Global isotopic signatures of oceanic island basalts
Citable URI
https://hdl.handle.net/1912/5473DOI
10.1575/1912/5473Keyword
Basalt; Ocean bottomAbstract
Sr, Nd and Pb isotopic analyses of 477 samples representing 30 islands or
island groups, 3 seamounts or seamount chains, 2 oceanic ridges and 1 oceanic
plateau [for a total of 36 geographic features] are compiled to form a
comprehensive oceanic island basalt [OIB] data set. These samples are
supplemented by 90 selected midocean ridge basalt [MORB] samples to give
adequate representation to MORB as an oceanic basaJt endmember. This
comprehensive data set is used to infer information about the Earth's mantle.
Principal component analysis of the OIB+MORB data set shows that the first
three principal components account for 97.5% of the variance of the data. Thus.
only four mantle endmember components [EMI, EMII, HIMU and DMM] are
required to completely encompass the range of known isotopic values. Each
sample is expressed in terms of percentages of the four mantle components,
assuming linear mixing. There is significant correlation between location and
isotopic signature within geographic features, but not between them, so
discrimination analysis of the viability of separating the oceanic islands into those
lying inside and outside Hart's (1984, 1988) DUPAL belt is performed on the
feature level and yields positive results.
A "continuous layer model" is applied to the mantle component percentage
data to solve for the spherical harmonic coefficients using approximation
methods. Only the degrees 05 coefficients can be solved for since there are only
36 features. The EMI and HIMU percentage data sets must be filtered to avoid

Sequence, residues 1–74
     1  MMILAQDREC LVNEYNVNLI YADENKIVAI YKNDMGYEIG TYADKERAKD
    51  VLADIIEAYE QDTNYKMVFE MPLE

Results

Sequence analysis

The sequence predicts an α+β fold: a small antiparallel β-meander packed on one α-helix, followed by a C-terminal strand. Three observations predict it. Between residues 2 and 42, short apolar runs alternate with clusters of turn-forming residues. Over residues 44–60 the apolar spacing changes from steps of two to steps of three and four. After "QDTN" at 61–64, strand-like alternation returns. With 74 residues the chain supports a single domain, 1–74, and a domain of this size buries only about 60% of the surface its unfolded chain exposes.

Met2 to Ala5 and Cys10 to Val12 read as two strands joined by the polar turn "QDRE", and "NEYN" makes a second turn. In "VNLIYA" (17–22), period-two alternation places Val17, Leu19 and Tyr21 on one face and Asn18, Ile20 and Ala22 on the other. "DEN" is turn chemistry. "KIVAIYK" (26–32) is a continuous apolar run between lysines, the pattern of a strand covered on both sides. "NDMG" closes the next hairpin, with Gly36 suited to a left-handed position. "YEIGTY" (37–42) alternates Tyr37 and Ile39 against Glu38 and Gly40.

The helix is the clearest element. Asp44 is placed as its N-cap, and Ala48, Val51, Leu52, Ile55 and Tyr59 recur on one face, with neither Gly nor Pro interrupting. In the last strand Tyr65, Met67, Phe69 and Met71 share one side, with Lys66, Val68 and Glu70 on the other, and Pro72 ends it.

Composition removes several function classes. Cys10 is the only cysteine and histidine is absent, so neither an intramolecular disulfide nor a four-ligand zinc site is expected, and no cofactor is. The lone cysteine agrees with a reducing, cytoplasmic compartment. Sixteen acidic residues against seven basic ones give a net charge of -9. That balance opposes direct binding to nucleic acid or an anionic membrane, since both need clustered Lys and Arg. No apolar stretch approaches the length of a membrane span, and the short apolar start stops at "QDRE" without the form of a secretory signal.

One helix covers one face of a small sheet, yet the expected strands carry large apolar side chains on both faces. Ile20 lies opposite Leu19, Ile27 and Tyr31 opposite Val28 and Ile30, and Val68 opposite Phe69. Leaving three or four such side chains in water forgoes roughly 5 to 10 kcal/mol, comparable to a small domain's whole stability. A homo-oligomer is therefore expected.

aliasing. Due to the nature of the data, the coefficients must be solved for using
singular value decomposition [SVD], versus the least squares method. The Ftest
provides an objective way to estimate the number of singular values to retain
when solving with SVD. With respect to the behavior of geophysics control data sets, only the degree 2 spherical harmonic coefficients for the mantle components
can be estimated with a reasonable level of confidence with this method.
Applying a "deltafunction model" removes the problem of aliasing and
simplifies the spherical harmonic coefficient solutions from integration on the
globe to summation over the geographic features due to the properties of deltafunctions.
With respect to the behavior of geophysics control data sets, at least
the degree 2 spherical harmonic coefficients for the mantle components can be
estimated with confidence, if not the degrees 3 and 4 as well. Deltafunction
model solutions are, to some extent, controlled by the nonuniform feature
distribution, while the continuous layer model solutions are not.
The mantle component amplitude spectra, for both models, show power at
all degrees, with no one degree dominating. The DUPAL components [EMI,
EMil and HIMU], for both models, correlate well with the degree 2 geoid,
indicating a deep origin for the components since the degrees 23 geoid is
in ferred to result from topography at the coremantle boundary. The DUPAL
and DMM components, for both models, correlate well [and negati vely! at degree
3 with the velocity anomalies of the ClaytonComer seismic tomography model
in the 25002900 km depth range [immediately above the coremantle boundary].
The EMil component correlates well [and positively] at degree 5 with the
velocity anomalies of the ClaytonComer model in the 7001200 km depth range,
indicating a subduction related origin. Similar positive correlations for the geoid
in the upper lower mantle indicate that subducted slabs extend beyond the 670
km seismic discontinuity and support a wholemantle convection model.
Description
Submitted in partial fulfillment of the requirements for the degree of Master of Science at the Massachusetts Institute of Technology and the Woods Hole Oceanographic Institution August 1991
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